A streetcar is trying to kill me3/19/2014
A streetcar is trying to kill me. I thought you should know. Crazy? Maybe. Paranoid? Certainly. But untruthful? You be the judge.
The bell is what announces the streetcar’s arrival. There is no rumble, no whistle, and no escaping steam to give warning. Silence reigns as she smoothly glides along the tracks. Three long cars connected to the earth by rails and electric wires. The bell sounds. It’s identical to the sound of the one on your childhood bicycle’s handle bars. Not a blasting car horn. No, more of a ringing that says, “Mom, look at me.” And, sure enough, there it is, and there it goes. Seemingly magic.
We all know that streetcars are long gone from Des Moines. There is the periodic glimpse of a rail poking through the broken asphalt in a forgotten downtown alley. But that’s all that remains of Des Moines’ light rail system — dull iron lying in a murky puddle. Abandoned to cars, and buses, and Interstate 235, streetcars are a distant memory.
And fond memories they are for some. Lord, even the acerbic Michael Gartner wrote in these very Cityview pages of meeting his father at a streetcar stop as a young boy. His father would “hop off and, first thing, lift you high in the air and give you a hug as the streetcar clangs on down the track.” Yup, even the crusty Gartner is a believer.
Of course, my demise was also not on my mind when I first saw streetcars in the big cities of Holland. I loved them. And why not? They are red, small-scale and narrow, they are clean, they give off no diesel fumes, they run nearly every 10 minutes, and they just feel civilized. People crowd on and crowd off, and no one, as far as I can see, has the urge to throw themselves onto the tracks.
But, I swear to you, my nemesis is out there. Hidden behind a clump of trees, the streetcar silently waits for me every day. This morning we both waited. Who would make the first move?
Hah, she blinks first. The streetcar pokes out her nose and then roars past me in frustration. Another day that I’ve not been squashed. Yahoo.
Clearly, I need help.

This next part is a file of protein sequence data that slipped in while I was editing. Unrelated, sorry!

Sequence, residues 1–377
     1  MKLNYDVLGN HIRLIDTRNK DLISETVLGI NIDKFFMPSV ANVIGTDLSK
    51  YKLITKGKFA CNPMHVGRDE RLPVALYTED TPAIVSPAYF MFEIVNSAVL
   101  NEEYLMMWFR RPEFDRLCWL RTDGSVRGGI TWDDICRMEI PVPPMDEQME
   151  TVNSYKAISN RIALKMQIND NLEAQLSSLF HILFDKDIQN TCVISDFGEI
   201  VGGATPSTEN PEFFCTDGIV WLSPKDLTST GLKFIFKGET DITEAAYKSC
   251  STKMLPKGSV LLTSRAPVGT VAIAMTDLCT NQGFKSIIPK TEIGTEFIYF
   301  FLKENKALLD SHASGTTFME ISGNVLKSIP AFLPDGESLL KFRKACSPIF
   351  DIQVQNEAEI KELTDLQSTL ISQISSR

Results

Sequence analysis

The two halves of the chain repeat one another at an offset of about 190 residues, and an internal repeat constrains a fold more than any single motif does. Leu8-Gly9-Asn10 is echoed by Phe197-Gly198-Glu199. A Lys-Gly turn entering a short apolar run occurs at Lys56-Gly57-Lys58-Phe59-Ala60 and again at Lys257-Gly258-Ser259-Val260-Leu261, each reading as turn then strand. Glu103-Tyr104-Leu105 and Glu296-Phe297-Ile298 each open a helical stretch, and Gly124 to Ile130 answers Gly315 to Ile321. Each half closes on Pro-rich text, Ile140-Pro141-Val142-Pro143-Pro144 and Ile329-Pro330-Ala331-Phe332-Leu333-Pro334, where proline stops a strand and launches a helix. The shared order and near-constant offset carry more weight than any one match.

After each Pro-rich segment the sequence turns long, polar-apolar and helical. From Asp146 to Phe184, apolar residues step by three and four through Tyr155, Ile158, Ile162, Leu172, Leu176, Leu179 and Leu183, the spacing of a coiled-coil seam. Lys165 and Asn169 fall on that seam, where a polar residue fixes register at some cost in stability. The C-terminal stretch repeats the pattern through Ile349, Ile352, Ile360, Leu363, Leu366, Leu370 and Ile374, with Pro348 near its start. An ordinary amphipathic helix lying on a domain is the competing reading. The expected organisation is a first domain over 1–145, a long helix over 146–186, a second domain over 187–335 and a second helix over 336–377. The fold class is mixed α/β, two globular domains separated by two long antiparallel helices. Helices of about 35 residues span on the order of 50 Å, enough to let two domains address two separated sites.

Samira de Blij drives thousands of people in her streetcar in The Hague. Some days, she has several hundred folks sitting patiently behind her. The reason for this is simple. You want to go visit a friend, you jump a streetcar. You need to go to the grocery store, hop on a streetcar. You’re late for work? Please, just get on the streetcar.
“You don’t have to be Einstein to drive a tram,” she says as she sits at the controls that operate more than 45 tons of moving steel. She then pauses, looks wistfully down the track, and tells me of the foxes she sees playing in the high grass next to the tracks in the early morning light. She sighs. Oh my. A romantic realist is at the driver’s wheel. I’m already half in love with my killer. This isn’t good.
“I have been driving for 12.5 years,” she says. “I only wanted to do this a year. It is such a beautiful job, you know. If you love people, I love people, it is a very nice job. People can be so good and so nice, you can play with it. You can make sure that the atmosphere is good in your tram. Because if you wait for someone running to catch the tram, and the other passengers see it, they have warm hearts for each other. They love it when I am social for another human being. That is always a good thing to see. It gives me hope for humanity.”
OK, fine. Keep talking. But a small part still wonders, when do we run over the unwary? Mmmm…? When do we take out that poor schmuck from Des Moines, Iowa?
With seemingly cheerful indifference to my fate, Samira smiles at the loading passengers, calls out a welcome and waits for the unbalanced to get seated. And off we go to the next stop.
The front computer tells us that Samira is running two minutes behind schedule. She is going slowly because she is spending so much time talking to me.
“Don’t worry, don’t worry,” she keeps saying to me. Then we see an elderly man trying to cross the track a block ahead. He is having a hard time. Probably four-dozen people on the streetcar have to be somewhere at a certain time. No matter. Samira stops everything. We sit in the middle of the track. She smiles and waves the old man across. He hobbles over the rails and returns the smile. I glance back into the cars — all the passengers are smiling. I’ll be darned, she’s right. Samira and her passengers do give hope for humanity.
“Children, they love the tram. Little kids sometimes you take them on your lap. They push the bell. They are so proud,” she says, laughing softly to herself.
“People bring everything on the tram you know — closets, beds, mattresses, a small refrigerator, I even once had a sheep,” she says. “I drove to the stop. My god, what a strange dog. And it was a sheep.”
Samira pauses and then smiles at me: “Maybe I make my work bigger than it is. But for me, it is good. It is good for me. Because it makes me happy when I go to work… And, Joe, I see everything. It is OK.”
With thumbs up, my ex-killer silently drives off. Ashamed at my silliness, I head down the street. But, I immediately have to jump back — a small ice cream truck, with tinkling bells, nearly flattens me. See, an ice cream truck is trying to kill me… CV
Joe Weeg spent 31 years bumping around this town as a prosecutor for the Polk County Attorney’s Office. Now retired, his wife is assisting in the prosecution of war criminals in the Netherlands for several months. He’s along for the ride and writes about being an Iowan in Europe on his blog at www.joesneighborhood.com.